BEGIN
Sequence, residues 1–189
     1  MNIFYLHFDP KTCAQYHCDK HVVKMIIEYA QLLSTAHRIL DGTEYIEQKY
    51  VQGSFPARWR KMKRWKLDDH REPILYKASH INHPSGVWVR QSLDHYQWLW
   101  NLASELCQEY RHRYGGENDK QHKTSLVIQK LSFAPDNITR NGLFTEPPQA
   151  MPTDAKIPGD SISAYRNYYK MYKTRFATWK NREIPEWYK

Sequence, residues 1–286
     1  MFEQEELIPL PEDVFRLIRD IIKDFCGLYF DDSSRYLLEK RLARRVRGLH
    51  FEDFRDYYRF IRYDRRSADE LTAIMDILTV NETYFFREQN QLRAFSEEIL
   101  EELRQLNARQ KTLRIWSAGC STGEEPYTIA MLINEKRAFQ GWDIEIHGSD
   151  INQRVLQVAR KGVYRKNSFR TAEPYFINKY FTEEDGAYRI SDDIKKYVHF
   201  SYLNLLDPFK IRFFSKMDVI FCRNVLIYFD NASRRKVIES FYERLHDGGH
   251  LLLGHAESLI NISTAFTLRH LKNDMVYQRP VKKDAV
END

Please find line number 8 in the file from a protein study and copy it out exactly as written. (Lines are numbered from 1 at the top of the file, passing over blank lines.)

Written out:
    51  FEDFRDYYRF IRYDRRSADE LTAIMDILTV NETYFFREQN QLRAFSEEIL